How Stories Get Made Investigating the Narrative Strategies of 'The Sopranos'
Smith, Anthony (2008) How Stories Get Made Investigating the Narrative Strategies of 'The Sopranos'. [Dissertation (University of Nottingham only)] (Unpublished)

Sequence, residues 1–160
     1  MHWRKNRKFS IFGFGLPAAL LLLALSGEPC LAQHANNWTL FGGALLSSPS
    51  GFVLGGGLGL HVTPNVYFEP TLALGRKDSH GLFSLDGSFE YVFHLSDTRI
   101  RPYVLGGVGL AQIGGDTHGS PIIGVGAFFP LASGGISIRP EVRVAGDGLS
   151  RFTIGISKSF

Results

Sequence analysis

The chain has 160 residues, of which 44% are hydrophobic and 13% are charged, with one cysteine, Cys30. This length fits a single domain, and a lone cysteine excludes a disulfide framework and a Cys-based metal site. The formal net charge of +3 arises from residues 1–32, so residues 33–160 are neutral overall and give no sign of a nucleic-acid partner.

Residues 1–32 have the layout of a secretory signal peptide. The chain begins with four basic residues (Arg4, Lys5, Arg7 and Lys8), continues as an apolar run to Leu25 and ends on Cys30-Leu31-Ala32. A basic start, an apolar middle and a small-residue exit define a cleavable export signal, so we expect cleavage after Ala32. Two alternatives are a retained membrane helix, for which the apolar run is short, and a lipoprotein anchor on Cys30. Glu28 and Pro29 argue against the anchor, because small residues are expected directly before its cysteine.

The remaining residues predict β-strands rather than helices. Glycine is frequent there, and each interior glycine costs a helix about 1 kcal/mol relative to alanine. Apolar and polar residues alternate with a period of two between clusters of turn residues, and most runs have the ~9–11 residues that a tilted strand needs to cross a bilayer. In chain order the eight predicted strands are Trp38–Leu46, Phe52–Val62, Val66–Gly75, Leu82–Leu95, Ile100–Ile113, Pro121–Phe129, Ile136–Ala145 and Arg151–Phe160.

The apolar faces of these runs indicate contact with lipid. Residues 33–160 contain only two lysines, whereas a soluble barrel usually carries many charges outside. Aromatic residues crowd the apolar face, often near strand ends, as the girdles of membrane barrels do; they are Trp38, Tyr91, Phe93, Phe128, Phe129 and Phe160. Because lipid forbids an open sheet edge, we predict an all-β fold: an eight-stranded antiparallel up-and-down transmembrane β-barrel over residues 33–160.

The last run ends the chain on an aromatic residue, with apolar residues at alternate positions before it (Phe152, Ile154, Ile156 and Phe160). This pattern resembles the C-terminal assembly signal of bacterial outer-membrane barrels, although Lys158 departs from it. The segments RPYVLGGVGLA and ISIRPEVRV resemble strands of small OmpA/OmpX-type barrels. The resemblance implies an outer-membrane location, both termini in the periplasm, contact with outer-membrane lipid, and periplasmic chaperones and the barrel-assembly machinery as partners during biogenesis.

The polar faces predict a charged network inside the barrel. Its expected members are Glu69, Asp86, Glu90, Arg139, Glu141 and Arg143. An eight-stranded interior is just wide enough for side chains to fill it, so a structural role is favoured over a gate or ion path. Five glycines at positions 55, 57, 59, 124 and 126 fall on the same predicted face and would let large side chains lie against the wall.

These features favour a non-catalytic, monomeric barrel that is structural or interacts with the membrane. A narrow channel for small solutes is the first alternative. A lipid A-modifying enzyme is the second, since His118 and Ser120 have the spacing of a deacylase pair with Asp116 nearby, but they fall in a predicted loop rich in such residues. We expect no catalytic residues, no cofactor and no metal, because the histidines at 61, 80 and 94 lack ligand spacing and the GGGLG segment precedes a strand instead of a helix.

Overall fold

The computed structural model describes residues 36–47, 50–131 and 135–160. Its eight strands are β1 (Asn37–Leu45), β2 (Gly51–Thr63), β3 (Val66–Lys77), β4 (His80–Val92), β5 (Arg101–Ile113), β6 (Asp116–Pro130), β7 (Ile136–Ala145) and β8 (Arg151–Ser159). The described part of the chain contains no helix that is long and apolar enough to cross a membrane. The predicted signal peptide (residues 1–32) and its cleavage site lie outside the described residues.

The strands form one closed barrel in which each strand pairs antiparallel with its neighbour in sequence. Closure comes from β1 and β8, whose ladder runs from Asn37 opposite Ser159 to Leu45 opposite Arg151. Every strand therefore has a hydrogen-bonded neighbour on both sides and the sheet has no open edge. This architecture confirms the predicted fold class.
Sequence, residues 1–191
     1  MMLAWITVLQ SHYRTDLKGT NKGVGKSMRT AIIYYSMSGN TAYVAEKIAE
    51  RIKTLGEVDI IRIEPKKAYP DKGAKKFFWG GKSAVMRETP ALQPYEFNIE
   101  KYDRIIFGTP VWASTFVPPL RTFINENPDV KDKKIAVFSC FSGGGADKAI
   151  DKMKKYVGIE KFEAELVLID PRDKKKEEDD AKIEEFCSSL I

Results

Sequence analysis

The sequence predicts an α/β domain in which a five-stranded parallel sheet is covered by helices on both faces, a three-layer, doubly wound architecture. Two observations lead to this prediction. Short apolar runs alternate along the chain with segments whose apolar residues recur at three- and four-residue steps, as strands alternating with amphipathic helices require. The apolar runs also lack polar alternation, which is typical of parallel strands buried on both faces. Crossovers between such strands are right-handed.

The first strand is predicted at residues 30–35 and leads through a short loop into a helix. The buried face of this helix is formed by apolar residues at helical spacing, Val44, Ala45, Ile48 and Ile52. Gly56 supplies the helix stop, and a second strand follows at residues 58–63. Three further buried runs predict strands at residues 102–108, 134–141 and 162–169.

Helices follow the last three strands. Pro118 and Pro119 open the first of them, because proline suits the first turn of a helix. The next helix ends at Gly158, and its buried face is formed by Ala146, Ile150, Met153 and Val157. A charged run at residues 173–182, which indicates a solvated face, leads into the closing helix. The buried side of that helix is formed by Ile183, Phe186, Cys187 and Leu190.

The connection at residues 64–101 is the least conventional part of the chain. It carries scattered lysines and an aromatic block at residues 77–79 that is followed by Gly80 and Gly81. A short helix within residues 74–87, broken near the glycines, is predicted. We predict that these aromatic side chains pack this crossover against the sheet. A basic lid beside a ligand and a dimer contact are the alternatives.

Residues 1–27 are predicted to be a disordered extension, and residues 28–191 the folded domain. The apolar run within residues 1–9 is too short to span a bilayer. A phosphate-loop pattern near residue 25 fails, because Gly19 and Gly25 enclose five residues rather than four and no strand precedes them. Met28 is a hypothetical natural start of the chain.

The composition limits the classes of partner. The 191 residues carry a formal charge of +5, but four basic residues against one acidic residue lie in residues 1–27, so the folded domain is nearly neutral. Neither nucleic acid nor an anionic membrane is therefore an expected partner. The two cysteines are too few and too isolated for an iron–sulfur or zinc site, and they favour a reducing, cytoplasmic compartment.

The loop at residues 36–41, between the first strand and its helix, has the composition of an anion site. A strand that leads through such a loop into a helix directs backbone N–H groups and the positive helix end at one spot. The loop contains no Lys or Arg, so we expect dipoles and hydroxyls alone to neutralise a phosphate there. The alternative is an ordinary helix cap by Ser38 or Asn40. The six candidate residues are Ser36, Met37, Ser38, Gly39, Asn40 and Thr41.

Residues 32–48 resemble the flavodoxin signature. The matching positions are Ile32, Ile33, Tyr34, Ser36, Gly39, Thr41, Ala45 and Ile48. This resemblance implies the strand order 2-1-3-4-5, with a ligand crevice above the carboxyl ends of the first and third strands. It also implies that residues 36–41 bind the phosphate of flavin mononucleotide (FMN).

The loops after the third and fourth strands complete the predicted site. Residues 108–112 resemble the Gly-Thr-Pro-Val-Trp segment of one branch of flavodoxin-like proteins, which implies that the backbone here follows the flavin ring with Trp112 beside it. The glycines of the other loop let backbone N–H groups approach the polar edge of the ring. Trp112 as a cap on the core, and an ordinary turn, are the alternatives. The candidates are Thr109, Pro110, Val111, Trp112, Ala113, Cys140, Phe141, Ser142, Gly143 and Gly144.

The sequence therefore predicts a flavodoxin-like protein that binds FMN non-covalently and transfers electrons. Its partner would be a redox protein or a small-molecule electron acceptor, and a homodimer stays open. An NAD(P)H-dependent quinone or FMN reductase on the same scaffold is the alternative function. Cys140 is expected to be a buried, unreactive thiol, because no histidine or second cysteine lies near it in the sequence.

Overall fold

'The Sopranos' (HBO, 1999-2007), suggests David Thorburn, is Ã�Â�Ã�Â¢Ã�Â�Ã�Â�Ã�Â�Ã�Â�probably the most complex narrative in the history of American televisionÃ�Â�Ã�Â¢Ã�Â�Ã�Â�Ã�Â�Ã�Â�. This is a provocative claim which implies not only that the formal narrative construction of 'The Sopranos' is Ã�Â�Ã�Â¢Ã�Â�Ã�Â�Ã�Â�Ã�Â�more complexÃ�Â�Ã�Â¢Ã�Â�Ã�Â�Ã�Â�Ã�Â� than the narratives of other programmes, but distinct also. But is this the case? Is the 'Sopranos' narrative form Ã�Â�Ã�Â¢Ã�Â�Ã�Â�Ã�Â�Ã�Â� a product of the premium cable sector Ã�Â�Ã�Â¢Ã�Â�Ã�Â�Ã�Â�Ã�Â� not only distinct from the narratives of network and basic-cable hour-long dramas, but also different from the narratives of other HBO hour-long dramas such as 'Deadwood' (HBO, 2004-2006), 'The Wire' (HBO, 2002-2008) and 'Big Love' (HBO, 2006-)? If this is indeed the case (and this dissertation contends that in some ways it undeniably is), then what is the precise nature of this distinct and complex narrative, and what are the factors within the industrial process of television production which have led to its distinctiveness? This dissertation, by closely examining the narrative strategies utilized by The Sopranos, attempts to address these questions by discovering how Sopranos stories were told and why they were told in this way.
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